Reading From Outer Space

0
596
Beth Pinyerd

By Beth Pinyerd

I love to read “Goodnight Moon” by Margaret Wise Brown to preschoolers. The book colorfully illustrates the night sky with the moon and the stars. Families were able to tune in to listen to the book being read aloud from the International Space Station on Wednesday. In collaboration with “NASA (National Aeronautics and Space Administration)” and Harper Kids Books, Crayola Education celebrated the 75th anniversary of “Goodnight Moon” by Margaret Wise Brown, illustrated by Clement Hurd, with a read and draw along on the International Space Station. Crayola Education hosted the read along/draw along event on Facebook Live. This was the first time “Goodnight Moon” had been read aloud from space.

NASA Deputy Administrator Pam Melroy was invited to participate in the interactive storytelling session, followed by “Ask An Astronaut” question and answer session where two NASA astronauts answered  questions that were submitted earlier by children from all over the country. Hands-on participation was demonstrated and encouraged during the Facebook Live event. Too, for everyone who tuned in from Earth, they were able to follow along as the book was read in space and create their own art. With an event like this, we all reflect back to the landing on the moon on July 20, 1969, by U.S. astronauts Neil Armstrong and Edwin “Buzz” Aldrin, Jr.. We remember Armstrong’s famous quote, “That’s one small step for man, one giant leap for mankind.” We have come such a long way in space exploration and technology over the years. For those who missed the event, the video is available to watch anytime, on-demand, by visiting www.facebook.com/CrayolaEducation.

As we were in the outer space classroom during this event, I would like to review and share some facts about the moon from the early childhood classroom. I hope this will help you and your children look at God’s world with awe and appreciation.

Where does the light come from that lights up the moon? The moon doesn’t shine by itself. One experiment that is a fun learning experience in the classroom, summer camp or church group, is to have the children work in groups of three. Give one child a flashlight, which represents the sun, another a ball or globe, which represents the earth and the other a mirror to represent the moon. Go into a room and ask the children to observe the ball or globe as the earth. Turn off the lights, shine the flashlight (sun) into the mirror (moon), then show the light on the ball or globe which is the earth.  The children will see that the moonlight we observe from earth comes from the sun. 

Children love to pretend that they see “The Man in the Moon”. Explain to young children that the moon has craters, mountains and valleys which probably make the moon surface look like a face of a man. As the wind is blowing on a summer evening as you and your children are sky gazing, explain to them that the moon has no atmosphere, and thus the moon has no weather. Explain to them that the footprints made on the moon’s surface in 1969 are still on the moon’s surface forever — that their footprints don’t blow away. 

As you and your children observe the moon each night you will see that it goes through moon phases.  Simply draw a round circle so that the children can record what they see each night by coloring or shading what they observe in the circle.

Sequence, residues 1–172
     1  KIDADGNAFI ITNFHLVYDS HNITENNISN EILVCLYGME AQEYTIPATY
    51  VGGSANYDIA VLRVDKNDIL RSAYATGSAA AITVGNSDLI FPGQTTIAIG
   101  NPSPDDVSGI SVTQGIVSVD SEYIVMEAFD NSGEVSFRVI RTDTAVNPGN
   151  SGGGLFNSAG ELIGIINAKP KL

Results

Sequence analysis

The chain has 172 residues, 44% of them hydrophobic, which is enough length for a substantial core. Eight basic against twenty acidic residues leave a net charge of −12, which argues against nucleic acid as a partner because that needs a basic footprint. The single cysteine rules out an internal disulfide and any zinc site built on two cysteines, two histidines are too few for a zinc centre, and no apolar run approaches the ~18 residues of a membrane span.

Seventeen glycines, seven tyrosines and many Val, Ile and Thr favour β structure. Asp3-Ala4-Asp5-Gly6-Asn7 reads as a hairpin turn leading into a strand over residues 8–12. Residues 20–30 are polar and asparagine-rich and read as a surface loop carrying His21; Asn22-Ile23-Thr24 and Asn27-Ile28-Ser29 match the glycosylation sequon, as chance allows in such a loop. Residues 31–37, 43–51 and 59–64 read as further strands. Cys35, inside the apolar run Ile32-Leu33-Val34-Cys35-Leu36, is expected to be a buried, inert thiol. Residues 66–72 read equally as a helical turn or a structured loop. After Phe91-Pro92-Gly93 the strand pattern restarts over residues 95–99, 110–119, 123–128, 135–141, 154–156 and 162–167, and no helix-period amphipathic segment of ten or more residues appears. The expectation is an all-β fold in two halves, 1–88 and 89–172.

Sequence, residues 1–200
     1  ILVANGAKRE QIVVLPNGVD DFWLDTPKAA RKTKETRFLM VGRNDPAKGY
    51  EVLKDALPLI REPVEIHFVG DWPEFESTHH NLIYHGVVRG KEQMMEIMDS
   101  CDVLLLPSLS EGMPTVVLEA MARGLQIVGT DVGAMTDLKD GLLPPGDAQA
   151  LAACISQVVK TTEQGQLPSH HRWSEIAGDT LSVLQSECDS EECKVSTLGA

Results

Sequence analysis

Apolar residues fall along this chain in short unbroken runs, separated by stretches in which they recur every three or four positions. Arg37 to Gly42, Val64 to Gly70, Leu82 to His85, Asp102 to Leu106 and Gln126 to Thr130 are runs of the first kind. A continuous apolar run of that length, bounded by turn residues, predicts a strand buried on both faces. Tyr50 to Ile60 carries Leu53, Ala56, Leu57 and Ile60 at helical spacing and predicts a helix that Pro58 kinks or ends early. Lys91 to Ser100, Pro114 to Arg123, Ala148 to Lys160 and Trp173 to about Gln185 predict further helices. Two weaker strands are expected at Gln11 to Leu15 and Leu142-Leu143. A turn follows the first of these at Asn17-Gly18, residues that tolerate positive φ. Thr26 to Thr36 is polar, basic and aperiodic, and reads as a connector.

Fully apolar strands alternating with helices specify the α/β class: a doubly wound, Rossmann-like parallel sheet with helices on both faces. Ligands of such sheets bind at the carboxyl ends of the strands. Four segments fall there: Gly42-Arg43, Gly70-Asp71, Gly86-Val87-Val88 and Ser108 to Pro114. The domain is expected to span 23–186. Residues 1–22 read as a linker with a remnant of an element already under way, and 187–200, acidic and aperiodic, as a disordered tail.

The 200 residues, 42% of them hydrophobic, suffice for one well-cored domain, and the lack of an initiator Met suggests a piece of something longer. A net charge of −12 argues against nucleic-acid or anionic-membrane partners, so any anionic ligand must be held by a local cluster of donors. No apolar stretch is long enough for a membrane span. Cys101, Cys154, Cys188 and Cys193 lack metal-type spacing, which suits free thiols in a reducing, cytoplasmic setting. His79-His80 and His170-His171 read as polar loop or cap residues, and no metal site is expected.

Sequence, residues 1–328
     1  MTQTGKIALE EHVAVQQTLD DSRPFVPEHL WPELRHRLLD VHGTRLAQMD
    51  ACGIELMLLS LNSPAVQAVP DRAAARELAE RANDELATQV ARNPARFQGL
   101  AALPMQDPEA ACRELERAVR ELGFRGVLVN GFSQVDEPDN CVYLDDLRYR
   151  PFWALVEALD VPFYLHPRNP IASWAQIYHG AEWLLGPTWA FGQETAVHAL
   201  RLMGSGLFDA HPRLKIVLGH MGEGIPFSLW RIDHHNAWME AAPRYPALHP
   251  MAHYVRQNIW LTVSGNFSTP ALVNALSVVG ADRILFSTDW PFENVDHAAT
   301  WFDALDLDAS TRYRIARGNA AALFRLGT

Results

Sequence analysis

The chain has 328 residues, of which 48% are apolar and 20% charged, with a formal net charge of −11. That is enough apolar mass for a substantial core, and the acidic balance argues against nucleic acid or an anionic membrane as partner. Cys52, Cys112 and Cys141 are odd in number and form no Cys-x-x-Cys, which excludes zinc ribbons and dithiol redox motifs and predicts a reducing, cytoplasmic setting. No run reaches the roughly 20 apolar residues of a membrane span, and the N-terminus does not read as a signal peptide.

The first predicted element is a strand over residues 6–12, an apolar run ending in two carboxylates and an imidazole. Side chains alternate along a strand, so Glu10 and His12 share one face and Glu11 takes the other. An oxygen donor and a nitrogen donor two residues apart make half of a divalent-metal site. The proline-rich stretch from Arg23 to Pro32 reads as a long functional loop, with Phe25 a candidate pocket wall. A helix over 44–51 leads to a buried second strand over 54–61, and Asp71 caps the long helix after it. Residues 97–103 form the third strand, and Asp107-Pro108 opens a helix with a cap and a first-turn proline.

The new moon is not visible to our naked eye, It’s when the moon is directly between the sun and earth. 

The waxing crescent resembles a crescent, or as one young observer told me, it reminded her of a toenail. You know children are very literal in what they see and  how they describe it.

The first quarter moon is referred to as a half moon. A fraction lesson on ½ can be incorporated in the picture record. 

Waxing Gibbous grows past the first quarter but is not yet a full moon. This is a good observation time where children love to see it grow into a full moon. A full moon is beautiful and truly lights up the night sky once a month. 

After the full moon, you and your children can see the moon size decreasing through the Waning Gibbous, Third Quarter, then Waning Crescent. 

Another intergenerational book I adore and always read to the young and old is by Eric Carle,  titled, “Papa, Please Get the Moon for Me.”  This is a wonderful book to act out with your family.

Families, there are so many creative snacks that you can make and enjoy on phases of the moon. Moon Pies and Oreo Cookies are just a couple examples. Take a look at the many creative snacks offered on the web. The time you spend creating fun snacks with your children enhances relationships and creates fun memories. Children really enjoy the summer treat of red, white and blue Rocket Popsicles.

Another intergenerational family activity to enhance auditory, sensory and memory enjoyment is singing songs like “Moon River” by Henry Mancini and Johnny Mercer,  “Shine On Harvest Moon” by Nora Bayes or “Fly Me to the Moon” by Bart Howard. 

One really fun activity that family, friends and groups can enjoy are shooting off rockets and seeing how high they go. Many simple, inexpensive rocket models can be bought and made. I have done this with my classes, church groups, scouts, etc., and it is truly a blast of fun on an evening of moon gazing. 

I hope Classroom Observer has encouraged families to truly engage and enjoy moon gazing as well as sky and star gazing.

Classroom Observer, Beth Pinyerd 

LEAVE A REPLY

Please enter your comment!
Please enter your name here